The Religious Freedom Restoration Act: Its Rise, Fall, and Current Status Page: 2 of 6
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clause of the First Amendment, which provides that "Congress shall make no law ...
prohibiting the free exercise (of religion)."3 The specific issue before the Court in Smith
was whether two Native Americans who had been fired from their jobs as drug counselors
after they were discovered to have ingested peyote in a ritual of the Native American
Church were eligible for state unemployment benefits. That issue the Court resolved in
the negative, 6-3. But in the process of reaching that conclusion the Court also altered the
standard of review generally used for free exercise cases, 5-4.
For the prior quarter of a century the Court had generally applied a strict scrutiny
test to government action alleged to burden the exercise of religion. That test required
the government to show that an action burdening religion served a compelling public
interest and that no less burdensome course of action was feasible. If the government
could not so demonstrate, the test required that the religious practice be exempted from
the government regulation or prohibition at issue.
In Smith the Court abandoned the strict scrutiny test (except in a few narrow
categories). It held that religiously neutral laws may be uniformly applied to all persons
without regard to any burden or prohibition placed on their exercise of religion. The free
exercise clause, the Court said, never "relieves an individual of the obligation to comply
with a 'valid and neutral law of general applicability' on the ground the law proscribes (or
prescribes) conduct that his religion prescribes (or proscribes)."' In the case at hand, that
new standard meant that the free exercise clause mandated no religious exemption from
Oregon's drug laws for Native American use of peyote in a sacramental ceremony and,
consequently, no eligibility for unemployment benefits of two Native Americans who lost
their jobs because of their participation in such a ceremony. More generally, the Court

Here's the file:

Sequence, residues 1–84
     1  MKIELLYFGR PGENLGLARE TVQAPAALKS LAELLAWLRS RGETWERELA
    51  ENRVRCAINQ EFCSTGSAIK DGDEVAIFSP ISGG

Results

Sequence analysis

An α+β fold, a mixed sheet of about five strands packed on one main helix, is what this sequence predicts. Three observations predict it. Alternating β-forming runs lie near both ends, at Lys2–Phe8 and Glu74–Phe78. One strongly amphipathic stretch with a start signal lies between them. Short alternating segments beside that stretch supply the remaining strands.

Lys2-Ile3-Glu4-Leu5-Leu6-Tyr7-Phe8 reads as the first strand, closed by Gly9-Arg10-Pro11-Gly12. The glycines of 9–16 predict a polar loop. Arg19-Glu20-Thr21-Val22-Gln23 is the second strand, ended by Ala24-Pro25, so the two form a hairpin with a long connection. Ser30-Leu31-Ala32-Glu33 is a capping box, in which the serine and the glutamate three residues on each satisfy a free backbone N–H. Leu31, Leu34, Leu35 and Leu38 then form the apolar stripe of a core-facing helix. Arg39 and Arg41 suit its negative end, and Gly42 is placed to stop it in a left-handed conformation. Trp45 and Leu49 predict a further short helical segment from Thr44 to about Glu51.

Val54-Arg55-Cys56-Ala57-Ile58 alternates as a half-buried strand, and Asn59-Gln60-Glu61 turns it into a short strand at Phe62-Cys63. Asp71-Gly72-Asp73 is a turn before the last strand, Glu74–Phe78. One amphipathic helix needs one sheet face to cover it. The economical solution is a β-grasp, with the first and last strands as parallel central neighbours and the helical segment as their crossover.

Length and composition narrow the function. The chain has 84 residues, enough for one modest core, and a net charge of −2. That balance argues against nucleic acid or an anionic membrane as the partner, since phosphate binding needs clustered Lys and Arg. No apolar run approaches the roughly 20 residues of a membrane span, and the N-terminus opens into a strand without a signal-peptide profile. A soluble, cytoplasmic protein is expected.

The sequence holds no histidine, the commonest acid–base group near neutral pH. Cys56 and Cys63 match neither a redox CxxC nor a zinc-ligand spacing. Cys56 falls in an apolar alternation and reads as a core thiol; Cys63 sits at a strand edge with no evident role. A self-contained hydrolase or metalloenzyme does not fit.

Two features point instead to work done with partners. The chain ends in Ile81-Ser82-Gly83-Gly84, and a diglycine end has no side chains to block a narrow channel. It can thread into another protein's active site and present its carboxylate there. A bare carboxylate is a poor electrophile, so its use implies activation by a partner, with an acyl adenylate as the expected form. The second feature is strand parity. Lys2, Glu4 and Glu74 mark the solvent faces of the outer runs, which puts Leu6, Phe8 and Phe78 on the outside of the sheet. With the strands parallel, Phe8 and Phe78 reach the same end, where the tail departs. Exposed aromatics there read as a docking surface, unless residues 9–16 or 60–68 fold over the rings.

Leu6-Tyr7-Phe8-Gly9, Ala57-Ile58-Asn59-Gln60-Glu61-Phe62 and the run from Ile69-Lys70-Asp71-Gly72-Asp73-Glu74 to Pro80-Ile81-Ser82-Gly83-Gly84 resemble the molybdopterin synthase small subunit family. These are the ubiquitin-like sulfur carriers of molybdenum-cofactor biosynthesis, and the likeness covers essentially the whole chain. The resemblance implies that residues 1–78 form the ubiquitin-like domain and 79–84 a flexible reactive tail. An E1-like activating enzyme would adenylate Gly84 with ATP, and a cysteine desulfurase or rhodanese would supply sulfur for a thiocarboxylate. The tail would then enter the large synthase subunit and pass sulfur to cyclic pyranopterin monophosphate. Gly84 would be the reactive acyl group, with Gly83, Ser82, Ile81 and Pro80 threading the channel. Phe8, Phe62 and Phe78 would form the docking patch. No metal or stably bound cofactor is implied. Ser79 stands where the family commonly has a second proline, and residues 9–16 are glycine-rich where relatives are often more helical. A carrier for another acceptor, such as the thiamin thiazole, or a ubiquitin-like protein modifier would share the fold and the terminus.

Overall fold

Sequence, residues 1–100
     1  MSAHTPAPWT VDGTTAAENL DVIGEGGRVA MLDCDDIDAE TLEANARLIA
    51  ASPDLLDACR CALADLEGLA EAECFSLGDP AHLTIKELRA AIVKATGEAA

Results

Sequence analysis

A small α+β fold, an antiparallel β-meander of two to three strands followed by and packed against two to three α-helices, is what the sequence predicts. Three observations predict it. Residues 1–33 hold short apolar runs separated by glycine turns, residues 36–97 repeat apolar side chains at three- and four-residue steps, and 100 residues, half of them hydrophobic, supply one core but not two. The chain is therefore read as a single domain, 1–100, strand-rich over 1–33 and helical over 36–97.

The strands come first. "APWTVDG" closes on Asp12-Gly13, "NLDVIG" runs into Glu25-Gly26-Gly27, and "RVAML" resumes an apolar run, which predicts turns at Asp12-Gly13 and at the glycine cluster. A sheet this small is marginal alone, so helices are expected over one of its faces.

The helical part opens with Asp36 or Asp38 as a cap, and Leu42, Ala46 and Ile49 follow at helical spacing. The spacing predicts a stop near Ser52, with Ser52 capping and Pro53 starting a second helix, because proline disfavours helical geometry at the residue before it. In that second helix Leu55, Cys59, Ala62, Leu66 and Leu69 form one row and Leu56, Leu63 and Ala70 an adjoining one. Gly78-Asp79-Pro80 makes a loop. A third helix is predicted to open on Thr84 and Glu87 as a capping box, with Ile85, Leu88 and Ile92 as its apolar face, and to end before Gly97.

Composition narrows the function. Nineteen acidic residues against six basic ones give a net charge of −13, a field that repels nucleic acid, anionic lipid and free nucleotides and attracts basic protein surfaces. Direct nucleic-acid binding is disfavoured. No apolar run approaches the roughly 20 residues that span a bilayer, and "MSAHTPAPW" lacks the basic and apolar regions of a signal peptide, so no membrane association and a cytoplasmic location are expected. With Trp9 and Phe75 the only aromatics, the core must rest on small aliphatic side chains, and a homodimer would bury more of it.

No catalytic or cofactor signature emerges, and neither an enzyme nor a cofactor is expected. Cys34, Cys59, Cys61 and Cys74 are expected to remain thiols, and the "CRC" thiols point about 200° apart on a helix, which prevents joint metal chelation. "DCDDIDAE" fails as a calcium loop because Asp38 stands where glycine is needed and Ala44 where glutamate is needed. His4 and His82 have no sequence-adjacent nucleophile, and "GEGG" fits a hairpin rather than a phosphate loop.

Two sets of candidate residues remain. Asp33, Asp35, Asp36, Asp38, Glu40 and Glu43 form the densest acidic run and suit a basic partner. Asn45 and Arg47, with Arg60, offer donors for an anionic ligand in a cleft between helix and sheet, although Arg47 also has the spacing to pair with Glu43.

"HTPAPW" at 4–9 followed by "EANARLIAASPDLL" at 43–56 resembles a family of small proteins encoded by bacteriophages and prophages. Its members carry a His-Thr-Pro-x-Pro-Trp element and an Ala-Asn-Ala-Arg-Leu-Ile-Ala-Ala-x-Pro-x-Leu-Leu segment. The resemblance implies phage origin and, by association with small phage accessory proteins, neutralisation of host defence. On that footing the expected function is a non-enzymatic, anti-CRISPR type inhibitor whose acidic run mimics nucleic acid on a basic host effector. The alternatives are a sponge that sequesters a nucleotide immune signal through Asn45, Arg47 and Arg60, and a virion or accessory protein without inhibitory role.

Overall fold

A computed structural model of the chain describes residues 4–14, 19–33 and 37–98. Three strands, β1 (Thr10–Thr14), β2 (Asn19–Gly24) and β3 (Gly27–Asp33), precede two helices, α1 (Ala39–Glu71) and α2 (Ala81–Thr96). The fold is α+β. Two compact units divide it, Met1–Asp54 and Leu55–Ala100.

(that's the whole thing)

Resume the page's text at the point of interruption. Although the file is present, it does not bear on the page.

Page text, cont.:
asserted that the question of whether religious practices ought to be accommodated by
government was a matter to be resolved by the political process and not by the courts,
although it admitted that "leaving accommodation to the political process will place at a
relative disadvantage those religious practices that are not widely engaged in ...."
The Congressional Response. The specific result in Smith was upsetting to some.4
But it was the Court's virtual abandonment of strict scrutiny and relegation of free
exercise concerns to the political process that generated widespread alarm in the religious
community and elsewhere. That alarm quickly coalesced into a broad-based organization
known as the Coalition for the Free Exercise of Religion. Its efforts quickly resulted in
the introduction by bipartisan sponsors in both the House and the Senate of a proposed
"Religious Freedom Restoration Act of 1990" (H.R. 5377, S. 3254) and, 3 years later, of
the enactment of a modified version of RFRA into law.5
3The free exercise clause has been held applicable not only to actions by the federal
government but also to actions by state and local government. See Cantwell v. Connecticut, 310
U.S. 296 (1940).
4Congress in 1994 made the religious use of peyote by members of the Native American
Church legal under federal law. See P.L. 103-344 (Oct. 6, 1994); 42 U.S.C.A. 1996a. Oregon,
similarly, decriminalized the religious use of peyote after Smith. See Ore. Rev. Stat. 475.992(5)
5P.L. 103-141 (Nov. 16, 1993); 42 U.S.C.A. 2000bb et seq.
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The Religious Freedom Restoration Act: Its Rise, Fall, and Current Status, report, January 21, 1999; Washington D.C.. (https://digital.library.unt.edu/ark:/67531/metadc805654/m1/2/: accessed April 25, 2019), University of North Texas Libraries, Digital Library, https://digital.library.unt.edu; crediting UNT Libraries Government Documents Department.